Betty: What rituals or habits do you have while writing?
Adele: I need instrumental music and time. Though I would love to impart words of wisdom here, the truth is that I write in wide swaths. For hours on end, days on end. And then not at all for days or weeks.
Betty: Every author has a tendency to overuse certain words or phrases in drafts, such as just, once, smile, nod, etc. What are yours?
Adele: Little. How many hundreds of times did I have to replace that word? Incredible that I had no idea I was overusing it.
Betty: Do you have any role models? If so, why do you look up to them?
Adele: Janis F. Kearney is my biggest role model in this part of my life. She’s an author, publisher, social and community activist, and so much more. Her family has an incredible history: she’s one of nineteen children born to Mississippi Delta sharecropper parents. Eighteen of them went to college, most to graduate school. It’s worth a wiki search on her just for inspiration.
Betty: Do you have a special place to write? Revise? Read?
Adele: My best writing and revision is done anywhere with a window, preferably onto water or trees, or maybe very high in a building so sky is outside. Reading, I can do that anywhere!
Betty: Many authors have a day job. Do you? If so, what is it and do you enjoy it?
Adele: I retired from a career in pediatrics before I began to write in earnest. I never take for granted the fact that I am fortunate enough to work on my writing unfettered by a day job. Many people can do such a thing quite well; I admire those people. While I wrote before, it was only when I had retired that I could fully devote myself to such a task as a novel.
Betty: As an author, what do you feel is your greatest achievement?
Adele: Writing a novel that my children, grandchildren, and even their descendants can look back on as a beacon of light in a dark time in our country.
Betty: What is your favorite genre to read?
Betty: Success looks different to different people. It could be wealth, or fame, or an inner joy at reaching a certain level. How do you define success in terms of your writing career?
Adele: When I retired early, it was with the decision that in the last part of my time on this earth I would move my goal from success to significance. I got this idea directly from Bob Buford’s book, Halftime. So, I hope that my writing will send some hope into the world, nudge people toward integrity, and inspire my descendants to strive toward better good for all.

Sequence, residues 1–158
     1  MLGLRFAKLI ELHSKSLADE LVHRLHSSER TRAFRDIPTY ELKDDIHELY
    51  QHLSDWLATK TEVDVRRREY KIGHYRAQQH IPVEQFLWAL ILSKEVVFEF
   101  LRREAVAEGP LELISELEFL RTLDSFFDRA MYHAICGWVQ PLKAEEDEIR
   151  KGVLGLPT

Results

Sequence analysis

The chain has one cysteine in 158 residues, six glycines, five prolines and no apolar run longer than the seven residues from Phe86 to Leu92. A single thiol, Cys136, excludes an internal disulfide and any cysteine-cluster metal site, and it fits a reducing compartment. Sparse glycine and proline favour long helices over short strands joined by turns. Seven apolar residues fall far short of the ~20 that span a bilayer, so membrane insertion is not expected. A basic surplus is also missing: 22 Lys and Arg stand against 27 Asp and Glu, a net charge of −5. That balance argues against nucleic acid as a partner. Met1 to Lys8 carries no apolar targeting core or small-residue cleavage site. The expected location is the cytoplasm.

Forty-six-year-old Madeline Fairbanks has no use for ideas like “separation of the races” or “men as the superior sex.” There are many in her dying Southern Appalachian town who are upset by her socially progressive views, but for years—partly due to her late husband’s still-powerful influence, and partly due to her skill as a healer in a remote town with no doctor of its own—folks have been willing to turn a blind eye to her “transgressions.” Even Maddie’s decision to take on a Black apprentice, Ren Morgan, goes largely unchallenged by her white neighbors, though it’s certainly grumbled about. But when a charismatic and power-hungry new reverend blows into town in 1917 and begins to preach about the importance of racial segregation, the long-idle local KKK chapter fires back into action—and places Maddie and her friends in Jamesville’s Black community squarely in their sights. Maddie had better stop intermingling with Black folks, discontinue her herbalistic “witchcraft,” and leave town immediately, they threaten, or they’ll lynch Ren’s father, Daniel. Faced with this decision, Maddie is terrified . . . and torn. Will she bow to their demands and walk away—or will she fight to keep the home she’s built in Jamesville and protect the future of the people she loves, both Black and white?
Those pesky “crutch” words writers tend to us can seriously impede an otherwise good story. Thanks for sharing, Adele!
Award-winning Author of Historical Fiction with Heart, and Haunting, Bewitching Love Stories